Pittsburgh Mayor Ed Gainey has dismissed all of the current members of the city’s Art Commission.
Commission members, who are appointed by the mayor, serve their terms under the same timeframe as the mayor who appointed them, said Maria Montaño, a spokeswoman for Gainey.
That means the commissioners Gainey dismissed technically ended their appointed terms when Gainey took office in January after Bill Peduto departed. They have spent nearly a year working in what Montaño called a “transitional period” for the new mayor.
Andrew Moss, who served as the board chair and president of the Art Commission, said he was concerned with Gainey’s decision to remove all existing members.
“During my seven years as part of the Art Commission, the makeup of the members has always evolved as existing members stepped down with the current mayor appointing new members to fill vacant seats,” Moss said. “The current commission has had two empty seats that the mayor had not filled for some time.”
Moss said there was a benefit to always having some existing, experienced members stay on the commission to guide new appointees.
There are several projects that are open and pending before the Art Commission, Moss said, and a few others that have been tabled and continued. The new commissioners will need to familiarize themselves with those projects and pick up where the previous team had left off.
“Regardless of who he selects, there’s going to be some disconnect,” Moss said.
The Art Commission is responsible for promoting beautification of the city’s public spaces by reviewing the designs of buildings, artworks and memorials on public property. Commissioners serve as volunteers.
Moss said each commissioner on Friday received a phone call notifying them they were being dismissed from the commission. None of them, he said, has spoken directly with the mayor since he took office.
The commission has been involved in a high-profile debate about the Christopher Columbus statue at Schenley Park, which became a controversial landmark as many have questioned whether the explorer with a history of mistreating indigenous people ought to be memorialized.
Earlier this year, commissioners were vocal in their cries for more public input and Art Commission involvement in the redesign of the Fern Hollow Bridge in Pittsburgh’s Frick Park, which is being rebuilt on an expedited timeline after its collapse in January.
Moss said he was proud of the commission’s involvement in such projects and applauded his fellow commissioners for bringing “diverse expertise with insightful and meaningful reviews of projects that have come before the commission.”
“The commission we have has really tried to look out for the best interest of the citizens and the city as a whole, not looking at the short term but looking at the long term impact of projects,” Moss said. “I hope the new commission approaches it the same way, but obviously we have no idea.”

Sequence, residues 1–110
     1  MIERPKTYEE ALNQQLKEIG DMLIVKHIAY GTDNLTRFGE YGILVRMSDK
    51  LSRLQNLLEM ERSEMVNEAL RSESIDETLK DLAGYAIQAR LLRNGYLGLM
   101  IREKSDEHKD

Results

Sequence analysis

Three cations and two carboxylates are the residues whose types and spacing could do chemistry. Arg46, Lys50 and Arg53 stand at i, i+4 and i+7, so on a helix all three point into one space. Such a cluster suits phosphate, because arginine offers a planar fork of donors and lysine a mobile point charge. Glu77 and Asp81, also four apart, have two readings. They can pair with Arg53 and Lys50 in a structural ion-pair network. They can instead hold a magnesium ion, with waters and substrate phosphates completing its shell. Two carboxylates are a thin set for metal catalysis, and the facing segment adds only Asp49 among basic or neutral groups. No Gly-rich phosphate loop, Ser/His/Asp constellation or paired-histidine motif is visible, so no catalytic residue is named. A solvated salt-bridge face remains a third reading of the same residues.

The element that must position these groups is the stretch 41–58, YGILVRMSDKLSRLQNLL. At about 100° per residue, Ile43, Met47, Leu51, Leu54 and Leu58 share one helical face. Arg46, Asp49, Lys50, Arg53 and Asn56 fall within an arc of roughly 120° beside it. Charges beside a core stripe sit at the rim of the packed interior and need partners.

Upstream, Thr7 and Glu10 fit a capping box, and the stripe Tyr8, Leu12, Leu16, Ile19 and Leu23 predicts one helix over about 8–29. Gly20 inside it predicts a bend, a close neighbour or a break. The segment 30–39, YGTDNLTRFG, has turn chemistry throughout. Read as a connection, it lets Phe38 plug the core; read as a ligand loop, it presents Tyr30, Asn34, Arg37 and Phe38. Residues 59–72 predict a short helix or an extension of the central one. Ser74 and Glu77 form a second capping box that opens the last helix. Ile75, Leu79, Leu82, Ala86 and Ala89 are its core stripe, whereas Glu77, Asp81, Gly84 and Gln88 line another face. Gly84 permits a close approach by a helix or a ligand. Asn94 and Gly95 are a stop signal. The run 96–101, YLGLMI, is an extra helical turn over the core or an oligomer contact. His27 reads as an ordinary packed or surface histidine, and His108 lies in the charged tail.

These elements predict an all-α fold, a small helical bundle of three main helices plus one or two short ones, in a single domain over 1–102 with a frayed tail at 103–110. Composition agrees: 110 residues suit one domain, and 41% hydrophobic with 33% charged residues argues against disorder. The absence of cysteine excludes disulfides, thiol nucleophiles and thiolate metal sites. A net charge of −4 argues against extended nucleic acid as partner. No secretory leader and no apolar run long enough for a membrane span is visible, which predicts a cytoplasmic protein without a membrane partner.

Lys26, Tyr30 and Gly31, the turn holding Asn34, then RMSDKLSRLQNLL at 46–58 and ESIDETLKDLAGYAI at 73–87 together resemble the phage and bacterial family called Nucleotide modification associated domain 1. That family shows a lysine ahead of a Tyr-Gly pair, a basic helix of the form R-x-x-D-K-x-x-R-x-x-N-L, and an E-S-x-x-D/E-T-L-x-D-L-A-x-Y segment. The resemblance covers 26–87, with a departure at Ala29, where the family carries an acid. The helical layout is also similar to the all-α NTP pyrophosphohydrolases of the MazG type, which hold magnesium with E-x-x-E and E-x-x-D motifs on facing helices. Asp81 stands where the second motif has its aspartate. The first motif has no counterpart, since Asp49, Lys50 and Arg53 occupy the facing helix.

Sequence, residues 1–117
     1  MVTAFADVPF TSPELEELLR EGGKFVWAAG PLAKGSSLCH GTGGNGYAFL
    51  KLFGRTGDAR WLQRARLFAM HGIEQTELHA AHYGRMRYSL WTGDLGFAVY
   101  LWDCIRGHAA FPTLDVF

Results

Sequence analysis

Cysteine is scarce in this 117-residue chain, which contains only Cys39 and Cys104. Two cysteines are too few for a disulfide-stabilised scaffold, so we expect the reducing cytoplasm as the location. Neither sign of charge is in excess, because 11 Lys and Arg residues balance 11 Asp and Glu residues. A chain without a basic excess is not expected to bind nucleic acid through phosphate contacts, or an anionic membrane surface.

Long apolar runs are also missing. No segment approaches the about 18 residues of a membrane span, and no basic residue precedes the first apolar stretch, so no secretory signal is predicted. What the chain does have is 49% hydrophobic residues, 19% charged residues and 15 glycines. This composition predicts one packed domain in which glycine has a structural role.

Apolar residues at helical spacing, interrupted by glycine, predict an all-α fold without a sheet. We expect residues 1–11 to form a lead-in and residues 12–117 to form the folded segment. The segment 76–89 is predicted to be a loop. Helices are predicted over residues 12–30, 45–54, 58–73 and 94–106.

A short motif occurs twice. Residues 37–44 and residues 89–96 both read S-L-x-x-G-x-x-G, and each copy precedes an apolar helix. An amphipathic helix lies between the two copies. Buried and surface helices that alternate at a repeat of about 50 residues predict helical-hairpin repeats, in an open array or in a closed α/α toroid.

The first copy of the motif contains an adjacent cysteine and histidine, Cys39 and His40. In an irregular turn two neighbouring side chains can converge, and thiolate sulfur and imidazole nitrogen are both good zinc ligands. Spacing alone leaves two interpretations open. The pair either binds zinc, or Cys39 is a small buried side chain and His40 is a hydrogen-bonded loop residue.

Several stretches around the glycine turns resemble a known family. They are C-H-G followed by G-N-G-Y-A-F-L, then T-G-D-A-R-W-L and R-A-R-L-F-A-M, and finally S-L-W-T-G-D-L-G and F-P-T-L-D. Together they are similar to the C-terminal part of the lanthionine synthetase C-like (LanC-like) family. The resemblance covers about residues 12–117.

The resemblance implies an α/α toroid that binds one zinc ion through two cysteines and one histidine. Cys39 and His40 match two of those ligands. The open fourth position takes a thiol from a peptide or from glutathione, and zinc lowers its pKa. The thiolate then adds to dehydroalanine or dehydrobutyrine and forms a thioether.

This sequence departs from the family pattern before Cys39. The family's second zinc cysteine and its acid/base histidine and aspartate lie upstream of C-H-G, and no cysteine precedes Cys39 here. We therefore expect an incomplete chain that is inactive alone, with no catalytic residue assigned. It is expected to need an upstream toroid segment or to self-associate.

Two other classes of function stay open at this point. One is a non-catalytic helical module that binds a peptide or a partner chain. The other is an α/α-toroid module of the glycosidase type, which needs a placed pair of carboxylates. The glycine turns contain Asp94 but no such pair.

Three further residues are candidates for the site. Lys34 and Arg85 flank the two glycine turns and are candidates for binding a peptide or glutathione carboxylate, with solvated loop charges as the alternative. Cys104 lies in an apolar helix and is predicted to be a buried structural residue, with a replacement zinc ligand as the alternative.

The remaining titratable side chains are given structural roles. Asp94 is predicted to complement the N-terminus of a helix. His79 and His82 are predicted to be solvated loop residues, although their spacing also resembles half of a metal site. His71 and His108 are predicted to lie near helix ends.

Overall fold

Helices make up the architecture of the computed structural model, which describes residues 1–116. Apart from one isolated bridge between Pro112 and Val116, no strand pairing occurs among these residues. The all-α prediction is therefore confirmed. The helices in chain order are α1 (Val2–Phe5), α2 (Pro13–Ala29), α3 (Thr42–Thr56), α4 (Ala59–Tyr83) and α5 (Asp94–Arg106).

Montaño did not offer any specific reasons why the administration chose not to keep any existing commissioners on board.
“We want to express our sincere gratitude for your service to the Art Commission,” Director of City Planning Karen Abrams wrote to commissioners in a letter dated Monday that informed them they were being dismissed. “Your commitment to this commission had been invaluable to the city of Pittsburgh and has not gone unrecognized.”
In a social media post that included a screenshot of the letter, Sarika Goulatia, the former Art Commission secretary, said the mayor’s decision to remove all of the commissioners with little explanation “does make me question a lot of stuff.”
“Was being critical of city run projects instrumental in this termination without any meeting with the mayor or his team? Or is it just what every newly elected mayor does?” Goulatia wrote in the Instagram post. “I had wonderful mentors when I was appointed to the Art Commission five years ago and now since the entire commission is dissolved, is the city going to change what role the Art Commission plays?”
Montaño declined to speak to what changes the Art Commission may see as a result of the termination of the existing members.
“The administration is in the process of naming and identifying new members before the January Art Commission meeting,” Montaño said in a statement. “We look forward to having more information to share soon about our vision moving forward.”
The city’s bylaws require that people appointed to the commission meet certain requirements, Moss said. Three members must be architects, one must be a painter and another must be a sculptor. There are two open seats, which can be filled by anyone, Moss said, but they’re usually assigned to a landscape architect or graphic designer.
In addition to Moss and Goulatia, Art Commission members Christiane Leach, Vivian Loftness, Richard Parsakian and Peter Quintanilla were dismissed.
The Art Commission most recently met last Wednesday. They did not have a meeting scheduled for December.
Julia Felton is a Tribune-Review staff writer. You can contact Julia by email at email@example.com or via Twitter .